A little over six weeks ago, I told you all about our latest Lenten installation that featured giant, vertical words that represented the six sermon themes for the season.

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They were striking. Particularly on Maundy Thursday, when their silhouettes loomed over our commemoration of the darkest days of the season.

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It was a powerful transformation when, by Easter Sunday, those words pointing to the gloomiest bits of humanity bloomed into something beautiful.

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I had toyed with all sorts of ideas for what to hang from our ceiling this Easter. For the last three years, we suspended ribbons of coral fabric that radiated from the cross on the pipes. They soared into the ceiling and seemed to lift the whole building. But after three years, it was time for something new. Amazon Prime to the rescue.

My administrator/lifesaver, Carrie, found these tissue paper poofs online. We ordered 120 of them. Our women’s group helped to make them as did patient, faithful church members who sat and fluffed graciously.

Once they were all fluffed out, we put a binding clip on each one then strung them with floral binding wire.

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Once everything was strung together, we carried them into the sanctuary and began to hang them on our fishing line cross wires.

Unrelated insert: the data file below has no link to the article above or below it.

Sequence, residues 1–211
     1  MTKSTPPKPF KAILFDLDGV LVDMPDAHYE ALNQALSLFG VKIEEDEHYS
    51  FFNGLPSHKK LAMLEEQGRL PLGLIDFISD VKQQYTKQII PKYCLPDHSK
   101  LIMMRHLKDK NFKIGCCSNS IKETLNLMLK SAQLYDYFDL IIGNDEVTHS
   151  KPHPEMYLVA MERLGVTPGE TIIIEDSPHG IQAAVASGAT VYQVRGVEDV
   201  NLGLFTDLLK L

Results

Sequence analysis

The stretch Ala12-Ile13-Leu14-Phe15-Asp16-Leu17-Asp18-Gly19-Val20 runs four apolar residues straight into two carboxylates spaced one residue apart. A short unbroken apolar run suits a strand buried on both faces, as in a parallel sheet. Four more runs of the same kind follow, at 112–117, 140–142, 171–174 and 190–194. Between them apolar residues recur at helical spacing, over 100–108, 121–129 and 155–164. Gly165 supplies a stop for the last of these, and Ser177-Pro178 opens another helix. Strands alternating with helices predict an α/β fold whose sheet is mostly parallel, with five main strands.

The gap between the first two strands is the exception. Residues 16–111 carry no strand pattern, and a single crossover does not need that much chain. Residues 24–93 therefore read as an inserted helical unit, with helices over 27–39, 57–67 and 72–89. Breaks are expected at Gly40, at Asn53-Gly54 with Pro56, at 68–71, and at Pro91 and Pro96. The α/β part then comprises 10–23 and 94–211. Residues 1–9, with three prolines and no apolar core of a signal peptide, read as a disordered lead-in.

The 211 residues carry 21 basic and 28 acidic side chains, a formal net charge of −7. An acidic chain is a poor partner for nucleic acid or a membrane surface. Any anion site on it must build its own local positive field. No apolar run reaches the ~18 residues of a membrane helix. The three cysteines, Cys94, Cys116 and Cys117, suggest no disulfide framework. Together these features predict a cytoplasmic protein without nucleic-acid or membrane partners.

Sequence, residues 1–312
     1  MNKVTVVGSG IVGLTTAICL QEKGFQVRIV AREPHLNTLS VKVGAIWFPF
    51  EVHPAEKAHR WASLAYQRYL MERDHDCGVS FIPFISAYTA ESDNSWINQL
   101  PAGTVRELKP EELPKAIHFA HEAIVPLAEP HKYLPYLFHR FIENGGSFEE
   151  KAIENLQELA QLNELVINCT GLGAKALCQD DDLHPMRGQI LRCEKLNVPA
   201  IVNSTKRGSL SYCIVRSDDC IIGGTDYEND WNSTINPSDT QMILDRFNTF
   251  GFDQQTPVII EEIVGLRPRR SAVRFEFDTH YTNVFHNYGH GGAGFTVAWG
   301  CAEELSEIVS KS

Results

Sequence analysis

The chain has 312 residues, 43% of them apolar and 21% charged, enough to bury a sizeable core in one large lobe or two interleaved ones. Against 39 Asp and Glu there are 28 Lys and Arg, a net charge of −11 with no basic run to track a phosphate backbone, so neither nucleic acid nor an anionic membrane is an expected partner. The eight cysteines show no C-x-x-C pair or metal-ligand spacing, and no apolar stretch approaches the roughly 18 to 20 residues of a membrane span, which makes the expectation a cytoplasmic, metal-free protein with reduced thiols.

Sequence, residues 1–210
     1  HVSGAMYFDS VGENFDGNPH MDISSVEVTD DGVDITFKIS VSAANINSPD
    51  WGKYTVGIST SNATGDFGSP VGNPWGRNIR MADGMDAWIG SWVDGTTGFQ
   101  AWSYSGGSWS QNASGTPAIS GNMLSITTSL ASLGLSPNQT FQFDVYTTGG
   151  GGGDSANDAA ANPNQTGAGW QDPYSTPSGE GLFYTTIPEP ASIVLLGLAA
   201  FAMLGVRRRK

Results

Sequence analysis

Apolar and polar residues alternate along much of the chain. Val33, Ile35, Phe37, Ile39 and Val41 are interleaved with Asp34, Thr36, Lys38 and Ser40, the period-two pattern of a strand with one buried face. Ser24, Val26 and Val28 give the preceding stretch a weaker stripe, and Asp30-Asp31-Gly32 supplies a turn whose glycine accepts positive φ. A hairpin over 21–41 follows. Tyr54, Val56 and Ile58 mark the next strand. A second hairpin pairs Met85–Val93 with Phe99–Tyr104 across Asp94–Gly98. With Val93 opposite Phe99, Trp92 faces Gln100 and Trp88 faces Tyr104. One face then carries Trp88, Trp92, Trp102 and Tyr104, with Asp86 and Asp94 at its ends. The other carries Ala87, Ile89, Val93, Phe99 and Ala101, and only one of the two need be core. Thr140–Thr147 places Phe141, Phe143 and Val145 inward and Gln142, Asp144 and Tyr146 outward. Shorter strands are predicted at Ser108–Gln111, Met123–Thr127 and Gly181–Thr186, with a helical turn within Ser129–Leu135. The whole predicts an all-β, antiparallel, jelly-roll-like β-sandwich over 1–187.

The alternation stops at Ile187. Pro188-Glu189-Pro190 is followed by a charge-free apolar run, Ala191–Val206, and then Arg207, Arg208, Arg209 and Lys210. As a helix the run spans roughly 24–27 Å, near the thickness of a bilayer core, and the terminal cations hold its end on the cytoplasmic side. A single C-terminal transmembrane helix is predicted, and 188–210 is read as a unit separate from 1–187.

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We used a T-connection by wrapping the floral binding wire (which was cut at varying lengths) around the fishing line one direction, then back across the other way. This keeps the poof from sliding as we pull the cross wire into position.

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The end result was stunning.

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Seeing as though it was my fourth Easter at Westfield, I was desperate to make it as engaging and celebratory as ever. The challenge with starting down this path of creative visual worships is that you’ve got to keep coming up with new ideas!

The big idea for 2016: CONFETTI CANNONS. Yes. You read that right.

My friend, Sarah, used them a couple of years back at her church. So, with a grateful heart for the internet, we ordered five–one to test and four to use on Easter Sunday.  Here’s a quick video of our test run (Listen closely. You can hear me say a little prayer: “Sweet Jesus.”)

And all I can say is, it worked.

We waited until the last “ia” of the last “alleluia” of the last verse of the last hymn: Christ the Lord is Risen Today! And altogether, as if it was planned–cause it was, the cannons shot their streamers into the room. We had two behind the pulpit and two from the balcony.

And PEOPLE LOVED IT.

(PROTIP: Want a standing ovation? Get them standing before they decide to clap. Boom. Standing O.)

I asked our church matriarch, Ellie, how she liked it. “I LOVED it!” she said. Whew. Good. I wasn’t worried too much about scaring people (although there is some noise associated with these). Mostly, I was nervous that folks would feel some kind of disrespect to the day. And while I saw at least one blank look (you just can’t make everyone happy!), everyone else burst into applause and laughter.

The poofs, while easy to create, took some time to put together. For a space like ours, it was important to have lots. We made a garland out of the extra ones and hung them above the front doors.

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It was a tremendous Easter Sunday: the most worshippers since I’ve been at Westfield, tons of kids, great music, two baptisms, confetti, and the resurrection. What could be better? Happy Easter!

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